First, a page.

Distinctive amateur drama
in Northampton since 1932

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The Beggar's Opera
by John Gay

Tue 14 - Sat 18 May 2013 at 7.30pm
The Church of the Holy Sepulchre, Sheep Street, Northampton Map >

Production No. 397

More images from The Beggar's Opera

Patricia Coleman, director

Encouraged by the great satirist of the day, Jonathan Swift, John Gay was encouraged to write an opera which was both a satire on fashionable London’s obsession with Italian opera, and an attack on Sir Robert Walpole’s corrupt administration.

The Beggar’s Opera opened on 29th January 1728 and ran for 62 consecutive performances – the longest run in theatre up to that time.  Instead of grand music and themes (often mythological) it uses familiar tunes of the day and the everyday characters of the criminal underworld.  Thieves and whores mirror a society of corruption, violence and social injustice.

In 1728 London was the biggest city in Europe.  The rising middle classes were making fortunes and the numbers of urban poor were increasing.  Crime increased – and then punishment.  The poor despaired, or were nihilistic, and gin became the drug of the day.  Many died at a young age, either from poverty, murder or punishment and The Beggar’s Opera is littered with references and images of hanging.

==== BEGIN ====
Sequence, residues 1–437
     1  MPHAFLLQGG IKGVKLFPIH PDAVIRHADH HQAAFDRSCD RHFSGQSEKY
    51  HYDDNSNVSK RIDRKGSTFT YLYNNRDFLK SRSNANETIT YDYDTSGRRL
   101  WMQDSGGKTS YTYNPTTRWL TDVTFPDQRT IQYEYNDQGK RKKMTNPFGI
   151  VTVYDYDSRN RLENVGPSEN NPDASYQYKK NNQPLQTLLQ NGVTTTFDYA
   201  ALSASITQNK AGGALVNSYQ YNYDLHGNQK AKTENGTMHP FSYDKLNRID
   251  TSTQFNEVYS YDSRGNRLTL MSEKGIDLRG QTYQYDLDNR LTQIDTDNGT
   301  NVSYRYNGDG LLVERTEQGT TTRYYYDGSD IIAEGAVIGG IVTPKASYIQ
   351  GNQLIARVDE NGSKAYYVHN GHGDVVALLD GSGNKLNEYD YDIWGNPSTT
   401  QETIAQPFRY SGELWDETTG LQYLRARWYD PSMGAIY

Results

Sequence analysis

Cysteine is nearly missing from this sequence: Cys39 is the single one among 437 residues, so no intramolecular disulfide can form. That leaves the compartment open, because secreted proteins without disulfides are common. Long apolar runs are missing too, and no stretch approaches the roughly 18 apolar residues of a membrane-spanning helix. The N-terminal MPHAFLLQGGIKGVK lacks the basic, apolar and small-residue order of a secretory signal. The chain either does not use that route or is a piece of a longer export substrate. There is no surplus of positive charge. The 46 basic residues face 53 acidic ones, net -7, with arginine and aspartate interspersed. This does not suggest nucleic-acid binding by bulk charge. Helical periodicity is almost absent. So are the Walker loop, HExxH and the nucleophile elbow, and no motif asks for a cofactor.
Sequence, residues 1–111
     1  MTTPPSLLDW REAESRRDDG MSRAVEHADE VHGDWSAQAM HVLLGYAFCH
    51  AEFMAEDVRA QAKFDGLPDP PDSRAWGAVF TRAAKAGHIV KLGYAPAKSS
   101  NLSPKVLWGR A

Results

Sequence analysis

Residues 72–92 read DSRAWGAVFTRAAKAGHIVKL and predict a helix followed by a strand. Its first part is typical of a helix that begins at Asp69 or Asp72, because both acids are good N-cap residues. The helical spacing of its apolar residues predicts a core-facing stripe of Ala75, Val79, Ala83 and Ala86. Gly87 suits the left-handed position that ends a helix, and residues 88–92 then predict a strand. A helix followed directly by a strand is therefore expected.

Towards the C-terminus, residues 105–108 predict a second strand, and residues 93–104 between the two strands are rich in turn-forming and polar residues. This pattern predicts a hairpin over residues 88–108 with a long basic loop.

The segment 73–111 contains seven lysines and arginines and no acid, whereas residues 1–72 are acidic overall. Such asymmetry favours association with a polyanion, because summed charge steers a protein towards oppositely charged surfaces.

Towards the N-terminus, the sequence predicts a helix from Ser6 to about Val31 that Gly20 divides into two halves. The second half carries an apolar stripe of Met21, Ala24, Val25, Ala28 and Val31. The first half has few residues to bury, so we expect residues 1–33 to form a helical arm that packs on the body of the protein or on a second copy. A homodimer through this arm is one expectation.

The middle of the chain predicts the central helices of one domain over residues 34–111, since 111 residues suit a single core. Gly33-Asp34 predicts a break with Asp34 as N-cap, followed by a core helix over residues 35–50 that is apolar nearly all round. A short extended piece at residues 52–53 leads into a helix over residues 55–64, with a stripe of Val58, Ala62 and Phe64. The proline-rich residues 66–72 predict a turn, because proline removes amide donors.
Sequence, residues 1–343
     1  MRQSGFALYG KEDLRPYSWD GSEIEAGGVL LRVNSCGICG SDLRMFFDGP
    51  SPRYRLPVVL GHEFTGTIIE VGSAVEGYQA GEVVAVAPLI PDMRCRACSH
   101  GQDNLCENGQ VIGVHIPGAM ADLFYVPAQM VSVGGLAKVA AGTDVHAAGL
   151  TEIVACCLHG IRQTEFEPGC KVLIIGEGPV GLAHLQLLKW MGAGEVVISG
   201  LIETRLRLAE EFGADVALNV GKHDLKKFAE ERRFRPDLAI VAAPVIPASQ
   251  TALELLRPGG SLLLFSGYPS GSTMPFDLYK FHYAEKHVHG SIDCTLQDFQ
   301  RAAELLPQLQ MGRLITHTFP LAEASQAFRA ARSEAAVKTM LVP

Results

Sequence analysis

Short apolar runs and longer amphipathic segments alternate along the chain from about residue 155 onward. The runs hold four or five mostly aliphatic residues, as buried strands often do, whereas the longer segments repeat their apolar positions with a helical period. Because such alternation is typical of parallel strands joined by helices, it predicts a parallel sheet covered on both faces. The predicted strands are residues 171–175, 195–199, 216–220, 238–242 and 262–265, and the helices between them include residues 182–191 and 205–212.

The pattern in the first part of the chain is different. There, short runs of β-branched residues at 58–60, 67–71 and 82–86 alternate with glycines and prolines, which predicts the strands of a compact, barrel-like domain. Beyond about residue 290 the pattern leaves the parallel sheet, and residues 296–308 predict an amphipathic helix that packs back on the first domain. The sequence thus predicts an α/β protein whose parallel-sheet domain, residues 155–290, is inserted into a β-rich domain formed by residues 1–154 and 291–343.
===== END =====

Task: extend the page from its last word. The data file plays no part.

“Definition ‘satire’ – where human vice or folly is attacked through irony, derision or wit” (the – in other words, The Beggar’s Opera is funny as well!

The play will be performed in authentic costume, in its original 18th Century period, and in the atmospheric setting of the Crusader Round of the Church of the Holy Sepulchre in Sheep Street, Northampton. Music will be simply provided by harpsichord and baroque electric bass guitar.

Following highly enjoyable auditions on 16 December, rehearsals have now begun. The cast of 31 includes the well known faces of John Myhill, Fraser Haines, Sarah Stringer, Rachel Smith, Mathew Fell, Pat Bancroft and Richard Walker. It also marks the acting debut of Peter Borley-Cox.

The director, Patricia Coleman, has been an actor and director with Masque Theatre for over 30 years.  Previous productions have included Waiting for Godot, The Merchant of Venice and King Lear and she is very excited to be directing such a talented cast in The Beggar’s Opera.

The musical director is Ian Spiby.


Cast & Crew

Mr Peachum Fraser Haines
Mrs Peachum
Pat Bancroft
Polly Peachum Rachel Bedford
Filch Peter Borley-Cox
Lockit Richard Walker
Lucy Lockit Sarah Stringer
The Beggar / Mrs Trapes John Myhill
Captain Macheath Matthew Fell
Matt of the Mint Kevin French
Jemmy Twitcher Ste Applegate
Nimming Ned Peter Robinson
Crook-Fingered Jack / Turnkey David Chappell
Robin of Bagshot / Constable Peter Collins
Wat Dreary / Constable Mark Bentley
Ben Budge Edward Toone
Harry Paddington Lewis Marks
Jenny Diver Precious Dunlop
Mrs Coaxer Doreen Wright
Mrs Vixen Sally Whitestone
Dolly Trull Yoshe Watson
Rosie Trollop Celyn Grosvenor
Betty Doxy Verity Johnson
Mrs Slammekin Carly Tremayne
Suky Tawdry Claire Tong
Molly Brazen Tamsyn Payne
Landlord Tony Janney
Mrs Pleaser Margaret Buckley
Tavern Habitue Roger Buckley
Tavern Slut Katie Bunting

Musical director Ian Spiby
Baroque Bass Guitar Conway Painting